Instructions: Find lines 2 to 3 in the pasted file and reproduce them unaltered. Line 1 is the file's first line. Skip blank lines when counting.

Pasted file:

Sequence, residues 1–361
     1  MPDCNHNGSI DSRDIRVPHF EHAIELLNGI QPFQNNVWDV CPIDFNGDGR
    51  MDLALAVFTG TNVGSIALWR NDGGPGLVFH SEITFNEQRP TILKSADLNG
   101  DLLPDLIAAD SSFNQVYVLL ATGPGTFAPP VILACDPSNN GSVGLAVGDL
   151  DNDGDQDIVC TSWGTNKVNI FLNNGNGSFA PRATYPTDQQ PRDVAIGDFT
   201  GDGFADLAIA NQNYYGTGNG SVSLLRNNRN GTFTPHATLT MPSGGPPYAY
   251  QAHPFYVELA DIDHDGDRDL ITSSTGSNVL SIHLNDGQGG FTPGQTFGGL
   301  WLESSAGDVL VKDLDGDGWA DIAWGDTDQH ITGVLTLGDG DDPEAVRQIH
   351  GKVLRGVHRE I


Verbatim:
     1  MPDCNHNGSI DSRDIRVPHF EHAIELLNGI QPFQNNVWDV CPIDFNGDGR
    51  MDLALAVFTG TNVGSIALWR NDGGPGLVFH SEITFNEQRP TILKSADLNG